Repairs & Maintenance
In general I, like almost everyone else, really hate dealing with repairs. There is nothing like the sinking feeling after you’ve dropped off your car at a garage to get the service department call informing you of the repair costs. It is amazing how quickly things add up! Unfortunately, with the amount of stress racecars go through, things will inevitably wear down and break. In order to keep maintenance costs down, I strongly advise that you learn how to work on your car yourself (assuming you don’t already know how to). I realize that for some people this may be an intimidating assignment – it was for me. Essentially, the extent of my repair and maintenance knowledge when I began racing included changing the vehicle’s oil and brake pads. The thought of replacing an axle, or even changing the brake fluid, was beyond me. If you want (or need, as in my case) to keep your racing budget from exploding, you will be forced into learning how to do much of the repair work yourself. After successfully completing a few projects, you’ll realize that accomplishing many of these repairs is not nearly as difficult as one might think. One nice thing about racecar repairs is that you usually have several days before the work needs to be completed, unlike working on a car that is relied upon for everyday transportation. That is, until the racecar decides to break at the track!
Almost all of us have experienced the joys of bringing a car to a garage. After the shop looks at the vehicle, the technician recommends the various parts to be replaced and services to be performed. Frequently these items are not necessary in order to repair the car, but are sold as items that are a part of “normal” maintenance. You also need to keep in mind that the service department representative is typically paid based on the amount of labor hours they sell. The more labor that is involved in the job, the more money the employee and garage makes. Especially in larger garages, an employee is often paid a base salary plus an additional amount on each labor hour sold. It is not uncommon for the base salary to only represent between one-third to one-half of the overall salary. Because of this, the employee is motivated to sell as much work as possible. Parts are another area where garages make money. What is the typical profit margin for parts at a repair shop? It is not uncommon for a garage to add another 40% to 50% to the price that they paid for the part. By all means, not all garages are crooks and out to stick it to you. Garages are businesses with overhead and employees to pay, and they, like all other businesses, do need to make money. Learning to do many of your own repairs will help you better afford your racing habit. Even if you don’t know how to perform all of the necessary repairs yourself, next time you bring the car to a garage at least you’ll sound like you know what you are talking about, and the garage will be less likely to sell you unneeded work. One good question you can ask when having work done by a repair shop is: What work needs to be done in order to resolve the problem itself – what specifically is causing the issue?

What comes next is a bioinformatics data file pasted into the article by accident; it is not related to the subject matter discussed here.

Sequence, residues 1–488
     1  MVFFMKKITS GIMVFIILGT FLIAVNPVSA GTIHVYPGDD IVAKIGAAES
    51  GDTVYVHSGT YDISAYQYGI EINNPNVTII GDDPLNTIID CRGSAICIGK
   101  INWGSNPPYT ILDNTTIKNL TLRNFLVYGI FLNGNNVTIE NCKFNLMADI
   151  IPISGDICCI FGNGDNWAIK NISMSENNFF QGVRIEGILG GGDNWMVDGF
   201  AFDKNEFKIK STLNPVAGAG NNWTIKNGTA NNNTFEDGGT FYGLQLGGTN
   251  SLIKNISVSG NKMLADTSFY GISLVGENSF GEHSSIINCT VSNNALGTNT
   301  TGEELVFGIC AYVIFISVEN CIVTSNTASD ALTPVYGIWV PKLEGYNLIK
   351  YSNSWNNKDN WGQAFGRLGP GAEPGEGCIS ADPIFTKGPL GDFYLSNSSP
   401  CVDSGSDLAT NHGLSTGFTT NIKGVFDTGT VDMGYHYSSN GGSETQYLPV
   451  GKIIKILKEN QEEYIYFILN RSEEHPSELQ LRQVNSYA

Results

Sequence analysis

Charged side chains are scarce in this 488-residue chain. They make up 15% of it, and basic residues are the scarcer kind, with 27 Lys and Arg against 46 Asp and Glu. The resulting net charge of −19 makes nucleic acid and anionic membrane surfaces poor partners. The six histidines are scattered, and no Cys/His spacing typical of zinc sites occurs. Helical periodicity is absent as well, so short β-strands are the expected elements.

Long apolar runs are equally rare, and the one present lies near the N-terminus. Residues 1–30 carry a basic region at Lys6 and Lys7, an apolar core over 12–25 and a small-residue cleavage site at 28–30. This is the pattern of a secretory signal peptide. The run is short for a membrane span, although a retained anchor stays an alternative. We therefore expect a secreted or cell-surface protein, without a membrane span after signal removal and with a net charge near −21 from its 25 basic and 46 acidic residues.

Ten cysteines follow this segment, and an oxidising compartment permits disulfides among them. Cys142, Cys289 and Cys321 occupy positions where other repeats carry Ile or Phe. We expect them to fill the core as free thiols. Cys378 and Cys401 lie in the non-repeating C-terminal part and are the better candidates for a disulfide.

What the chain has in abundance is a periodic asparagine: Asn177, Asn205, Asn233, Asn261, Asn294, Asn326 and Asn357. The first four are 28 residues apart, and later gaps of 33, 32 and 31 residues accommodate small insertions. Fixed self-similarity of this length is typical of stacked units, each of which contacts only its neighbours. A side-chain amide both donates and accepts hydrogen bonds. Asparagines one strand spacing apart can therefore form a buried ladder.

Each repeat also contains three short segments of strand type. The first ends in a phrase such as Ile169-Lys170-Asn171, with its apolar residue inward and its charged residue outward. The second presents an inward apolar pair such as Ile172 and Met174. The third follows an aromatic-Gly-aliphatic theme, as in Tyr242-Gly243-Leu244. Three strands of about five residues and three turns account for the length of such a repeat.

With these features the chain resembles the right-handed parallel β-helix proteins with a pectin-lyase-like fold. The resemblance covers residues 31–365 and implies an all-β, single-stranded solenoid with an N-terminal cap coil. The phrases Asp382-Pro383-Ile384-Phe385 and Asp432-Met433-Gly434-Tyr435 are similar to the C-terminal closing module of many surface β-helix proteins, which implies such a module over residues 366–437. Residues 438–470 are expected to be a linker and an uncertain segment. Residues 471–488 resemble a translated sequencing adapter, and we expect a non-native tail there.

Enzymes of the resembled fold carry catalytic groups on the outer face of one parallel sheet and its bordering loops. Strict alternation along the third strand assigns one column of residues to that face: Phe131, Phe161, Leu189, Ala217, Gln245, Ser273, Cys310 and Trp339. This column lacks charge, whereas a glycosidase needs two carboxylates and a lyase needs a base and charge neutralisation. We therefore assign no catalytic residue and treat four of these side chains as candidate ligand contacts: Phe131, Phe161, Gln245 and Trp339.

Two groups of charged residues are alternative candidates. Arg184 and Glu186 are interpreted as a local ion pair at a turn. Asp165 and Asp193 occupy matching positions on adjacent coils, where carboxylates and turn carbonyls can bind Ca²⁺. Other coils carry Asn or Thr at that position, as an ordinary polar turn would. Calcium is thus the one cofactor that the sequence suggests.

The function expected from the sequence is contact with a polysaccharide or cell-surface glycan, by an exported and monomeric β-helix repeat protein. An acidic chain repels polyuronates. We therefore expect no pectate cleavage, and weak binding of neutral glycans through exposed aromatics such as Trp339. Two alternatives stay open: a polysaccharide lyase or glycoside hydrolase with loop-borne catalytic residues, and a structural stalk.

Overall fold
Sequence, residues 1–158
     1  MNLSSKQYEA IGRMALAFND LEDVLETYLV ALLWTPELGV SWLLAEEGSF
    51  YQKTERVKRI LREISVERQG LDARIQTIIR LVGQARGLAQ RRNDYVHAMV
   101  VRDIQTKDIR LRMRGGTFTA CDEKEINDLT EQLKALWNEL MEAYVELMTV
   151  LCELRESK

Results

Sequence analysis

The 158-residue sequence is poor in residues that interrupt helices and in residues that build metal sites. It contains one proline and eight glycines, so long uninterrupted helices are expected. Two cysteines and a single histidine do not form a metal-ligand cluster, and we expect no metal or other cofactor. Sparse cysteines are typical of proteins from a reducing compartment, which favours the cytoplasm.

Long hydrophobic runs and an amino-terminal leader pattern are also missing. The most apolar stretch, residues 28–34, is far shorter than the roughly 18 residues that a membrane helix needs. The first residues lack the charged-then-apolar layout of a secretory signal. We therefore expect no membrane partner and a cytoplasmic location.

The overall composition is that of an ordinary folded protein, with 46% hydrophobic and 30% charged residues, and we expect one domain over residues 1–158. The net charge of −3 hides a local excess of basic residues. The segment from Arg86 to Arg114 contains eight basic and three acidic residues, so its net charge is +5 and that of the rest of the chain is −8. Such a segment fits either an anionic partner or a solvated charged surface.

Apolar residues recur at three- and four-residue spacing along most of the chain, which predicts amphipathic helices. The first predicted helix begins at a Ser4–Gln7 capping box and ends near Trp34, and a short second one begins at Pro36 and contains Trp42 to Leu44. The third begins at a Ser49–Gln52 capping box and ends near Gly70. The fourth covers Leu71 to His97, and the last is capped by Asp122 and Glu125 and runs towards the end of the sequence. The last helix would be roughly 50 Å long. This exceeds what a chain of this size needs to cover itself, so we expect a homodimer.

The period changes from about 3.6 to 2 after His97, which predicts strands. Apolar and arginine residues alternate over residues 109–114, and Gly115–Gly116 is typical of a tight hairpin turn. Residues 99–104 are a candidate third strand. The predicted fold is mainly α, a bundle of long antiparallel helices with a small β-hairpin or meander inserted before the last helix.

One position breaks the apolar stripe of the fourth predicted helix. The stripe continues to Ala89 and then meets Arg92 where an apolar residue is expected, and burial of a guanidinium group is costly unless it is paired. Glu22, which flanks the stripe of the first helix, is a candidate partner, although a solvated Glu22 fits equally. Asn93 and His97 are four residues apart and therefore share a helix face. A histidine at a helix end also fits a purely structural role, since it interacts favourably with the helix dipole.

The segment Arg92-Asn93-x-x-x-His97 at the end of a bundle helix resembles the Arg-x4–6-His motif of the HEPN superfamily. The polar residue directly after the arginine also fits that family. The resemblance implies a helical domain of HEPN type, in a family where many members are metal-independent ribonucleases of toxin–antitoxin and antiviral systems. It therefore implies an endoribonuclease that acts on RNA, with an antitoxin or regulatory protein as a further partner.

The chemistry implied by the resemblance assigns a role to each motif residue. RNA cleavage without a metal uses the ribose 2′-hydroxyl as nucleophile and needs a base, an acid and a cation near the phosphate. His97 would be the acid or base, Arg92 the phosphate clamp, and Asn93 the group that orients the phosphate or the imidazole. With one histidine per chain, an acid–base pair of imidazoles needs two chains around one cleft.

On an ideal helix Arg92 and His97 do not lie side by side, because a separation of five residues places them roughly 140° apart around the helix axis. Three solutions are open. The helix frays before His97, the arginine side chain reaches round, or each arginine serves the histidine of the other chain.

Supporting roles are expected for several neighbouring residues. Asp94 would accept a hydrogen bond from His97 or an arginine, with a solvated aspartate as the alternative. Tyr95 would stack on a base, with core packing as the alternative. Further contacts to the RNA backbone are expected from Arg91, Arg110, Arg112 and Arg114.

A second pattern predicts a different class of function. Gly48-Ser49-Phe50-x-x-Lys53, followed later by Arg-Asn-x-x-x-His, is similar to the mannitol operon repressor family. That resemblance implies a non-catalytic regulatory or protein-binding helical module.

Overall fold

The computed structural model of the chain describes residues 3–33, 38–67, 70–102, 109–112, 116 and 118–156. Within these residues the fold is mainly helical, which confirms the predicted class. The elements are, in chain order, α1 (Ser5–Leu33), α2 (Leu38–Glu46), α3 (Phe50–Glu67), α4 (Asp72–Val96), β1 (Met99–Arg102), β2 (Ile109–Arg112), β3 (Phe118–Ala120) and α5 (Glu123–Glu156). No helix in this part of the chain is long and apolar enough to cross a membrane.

Dave’s Favorite ToolDue to the amount of fairly basic maintenance that needs to be completed regularly on a racecar, it would get very expensive quickly if you were to bring the car to the shop each time. I strongly recommend that you buy the factory shop manual for your vehicle. In addition to this manual being very detailed and specific to your car, many clubs such as SCCA require that each participant have a factory shop manual and bring it to the track. The purpose is, if there is a protest over the legality of a car after a race, the steward will be able to refer to this manual for various specifications. If you have difficulty locating a factory shop manual, speak with someone else who races the same vehicle make, or contact a dealer and ask where you can purchase one. Just to forewarn you, factory shop manuals are fairly expensive and often range between $60 and $100. In addition to the official factory shop manual, it will be helpful for you to purchase another repair manual, such as one by Chilton or Haynes. These types of manuals go into further details on how to specifically perform the various types of maintenance and repairs. (These manuals are typically available at automotive parts stores.)